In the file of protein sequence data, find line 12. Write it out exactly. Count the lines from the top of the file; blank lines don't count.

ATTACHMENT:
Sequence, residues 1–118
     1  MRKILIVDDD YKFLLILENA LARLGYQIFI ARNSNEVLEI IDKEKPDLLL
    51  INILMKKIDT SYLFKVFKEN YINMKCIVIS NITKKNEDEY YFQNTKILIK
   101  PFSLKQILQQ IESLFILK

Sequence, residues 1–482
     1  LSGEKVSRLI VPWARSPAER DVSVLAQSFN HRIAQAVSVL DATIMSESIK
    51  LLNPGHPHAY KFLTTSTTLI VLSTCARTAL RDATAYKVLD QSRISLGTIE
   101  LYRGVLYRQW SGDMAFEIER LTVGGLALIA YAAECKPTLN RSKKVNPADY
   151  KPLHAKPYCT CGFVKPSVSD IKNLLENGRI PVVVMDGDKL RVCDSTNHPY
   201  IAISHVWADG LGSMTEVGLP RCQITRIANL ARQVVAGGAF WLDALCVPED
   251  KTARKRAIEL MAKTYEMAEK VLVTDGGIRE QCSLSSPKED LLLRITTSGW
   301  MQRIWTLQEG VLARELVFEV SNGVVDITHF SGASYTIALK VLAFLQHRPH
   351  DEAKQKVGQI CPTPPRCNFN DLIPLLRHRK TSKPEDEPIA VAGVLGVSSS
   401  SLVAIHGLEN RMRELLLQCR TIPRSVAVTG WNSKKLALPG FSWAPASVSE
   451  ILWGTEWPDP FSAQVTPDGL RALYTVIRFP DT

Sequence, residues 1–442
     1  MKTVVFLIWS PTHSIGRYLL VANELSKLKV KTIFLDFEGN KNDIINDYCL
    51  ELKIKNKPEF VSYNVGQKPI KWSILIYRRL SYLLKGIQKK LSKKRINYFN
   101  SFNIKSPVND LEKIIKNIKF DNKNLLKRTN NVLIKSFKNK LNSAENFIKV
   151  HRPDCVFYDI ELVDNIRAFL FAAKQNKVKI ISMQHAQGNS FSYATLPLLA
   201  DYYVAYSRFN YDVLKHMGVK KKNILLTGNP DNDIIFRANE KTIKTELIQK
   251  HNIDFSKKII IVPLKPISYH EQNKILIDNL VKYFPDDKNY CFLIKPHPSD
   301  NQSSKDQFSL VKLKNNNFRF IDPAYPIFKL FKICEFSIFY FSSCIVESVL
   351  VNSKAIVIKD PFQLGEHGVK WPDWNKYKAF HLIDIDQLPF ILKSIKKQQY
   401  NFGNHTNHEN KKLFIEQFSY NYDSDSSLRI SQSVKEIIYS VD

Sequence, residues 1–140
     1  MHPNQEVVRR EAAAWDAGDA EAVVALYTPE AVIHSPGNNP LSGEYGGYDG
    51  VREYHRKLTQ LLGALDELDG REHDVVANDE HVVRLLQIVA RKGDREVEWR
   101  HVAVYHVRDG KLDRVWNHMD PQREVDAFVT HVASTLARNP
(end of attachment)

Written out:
   301  MQRIWTLQEG VLARELVFEV SNGVVDITHF SGASYTIALK VLAFLQHRPH